Sizing an Inverter To A Service Panel

Let's say that your home's existing electrical system contains a main service panel that has a busbar rating of 200 amps.  The busbar rating is listed on the door of the panel.  Most houses' service panels are either 100 or 200 amps, unless you have something old and funky, or massively huge.

Every house electrical system has a main breaker.  That breaker has a rating, whether it's 200 amps or 250 amps.  That is the point at which the load from your house will shut off the power for safety.

To determine the amount of backfed solar power your house can withstand, there's a really simple calculation you can perform, and it's extremely simple.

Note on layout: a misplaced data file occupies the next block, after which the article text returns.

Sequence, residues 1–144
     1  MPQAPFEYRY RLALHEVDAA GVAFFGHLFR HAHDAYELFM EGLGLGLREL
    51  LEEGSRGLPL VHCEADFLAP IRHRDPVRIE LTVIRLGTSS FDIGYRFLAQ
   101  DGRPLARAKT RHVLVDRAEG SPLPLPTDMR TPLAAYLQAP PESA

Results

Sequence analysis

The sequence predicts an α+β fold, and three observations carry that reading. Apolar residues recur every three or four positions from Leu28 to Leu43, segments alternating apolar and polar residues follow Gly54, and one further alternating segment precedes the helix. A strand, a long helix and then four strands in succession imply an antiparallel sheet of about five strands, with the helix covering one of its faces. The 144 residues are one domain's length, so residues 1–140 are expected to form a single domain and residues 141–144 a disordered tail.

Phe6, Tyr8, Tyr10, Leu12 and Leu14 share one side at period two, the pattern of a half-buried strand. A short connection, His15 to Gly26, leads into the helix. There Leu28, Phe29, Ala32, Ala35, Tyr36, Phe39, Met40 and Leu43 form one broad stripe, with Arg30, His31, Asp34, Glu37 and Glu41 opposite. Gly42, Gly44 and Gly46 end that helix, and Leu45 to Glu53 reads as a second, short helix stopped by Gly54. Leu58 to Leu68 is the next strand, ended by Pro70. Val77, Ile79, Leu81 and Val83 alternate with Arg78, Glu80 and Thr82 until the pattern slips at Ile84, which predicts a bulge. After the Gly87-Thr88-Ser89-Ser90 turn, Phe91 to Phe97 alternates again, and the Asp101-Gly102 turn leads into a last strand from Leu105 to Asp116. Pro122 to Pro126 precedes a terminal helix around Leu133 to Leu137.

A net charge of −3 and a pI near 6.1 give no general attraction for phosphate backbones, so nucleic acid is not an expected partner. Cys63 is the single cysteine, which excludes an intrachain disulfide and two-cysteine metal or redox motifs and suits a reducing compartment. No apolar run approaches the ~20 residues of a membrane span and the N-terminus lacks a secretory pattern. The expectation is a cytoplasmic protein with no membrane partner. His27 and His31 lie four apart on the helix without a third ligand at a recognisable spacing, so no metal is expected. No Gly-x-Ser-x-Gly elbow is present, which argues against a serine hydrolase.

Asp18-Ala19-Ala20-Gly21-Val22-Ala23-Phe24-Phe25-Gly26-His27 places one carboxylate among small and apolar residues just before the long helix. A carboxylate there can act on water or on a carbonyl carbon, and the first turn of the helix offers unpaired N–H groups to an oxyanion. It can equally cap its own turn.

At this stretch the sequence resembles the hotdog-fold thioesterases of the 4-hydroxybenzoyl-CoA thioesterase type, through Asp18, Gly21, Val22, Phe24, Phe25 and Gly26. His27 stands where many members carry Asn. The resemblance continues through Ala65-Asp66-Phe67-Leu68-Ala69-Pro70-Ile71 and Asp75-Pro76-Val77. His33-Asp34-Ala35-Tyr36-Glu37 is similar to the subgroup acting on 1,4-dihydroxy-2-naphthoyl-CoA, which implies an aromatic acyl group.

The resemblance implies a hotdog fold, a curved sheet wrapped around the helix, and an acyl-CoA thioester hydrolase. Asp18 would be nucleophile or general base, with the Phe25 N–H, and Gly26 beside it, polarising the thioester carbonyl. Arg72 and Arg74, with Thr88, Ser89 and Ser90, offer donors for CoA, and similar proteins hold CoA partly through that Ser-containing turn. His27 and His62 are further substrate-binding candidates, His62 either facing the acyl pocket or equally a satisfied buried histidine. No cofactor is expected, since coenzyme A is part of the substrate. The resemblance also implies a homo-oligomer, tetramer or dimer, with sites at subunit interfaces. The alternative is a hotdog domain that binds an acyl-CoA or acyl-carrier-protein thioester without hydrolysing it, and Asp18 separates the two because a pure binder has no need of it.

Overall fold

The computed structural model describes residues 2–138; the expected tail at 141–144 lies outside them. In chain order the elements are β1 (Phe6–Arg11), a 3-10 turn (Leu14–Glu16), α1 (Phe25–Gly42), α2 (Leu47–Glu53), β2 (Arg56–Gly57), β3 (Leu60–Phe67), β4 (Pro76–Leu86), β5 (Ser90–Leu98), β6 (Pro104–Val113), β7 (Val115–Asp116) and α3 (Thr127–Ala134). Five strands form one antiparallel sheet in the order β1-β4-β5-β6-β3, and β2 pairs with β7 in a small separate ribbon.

Take the rating of the busbar.  Multiply it by 120%.  Subtract the main breaker.

Busbar = 200 (x120% = 240) - Main Breaker (200) = total of 40 amps to backfeed onto.

let's say it's a 225 amp panel, and a 200 amp main breaker.
225 (x120% = 270) - Main Breaker (200) = total of 70 amps to backfeed onto.  

What does that mean?  
If you can backfeed 40 amps, then multiply the 40 amps by the house power coming in.  That means you can have 7,680 watts backfed into the house, because 40 amps at 240v AC is 9600w.  But then you must divide by 125% for overcurrent protection, leaving you with the 7680 watts, or at most a 7000-watt inverter that can tie into the existing home electrical system.

Can you lower the rating of your main breaker? 
Yeah, technically you can but it's not recommended.  It's better to upgrade your service panel.

What's a Line-Side Tap? 
Please don't ask that question.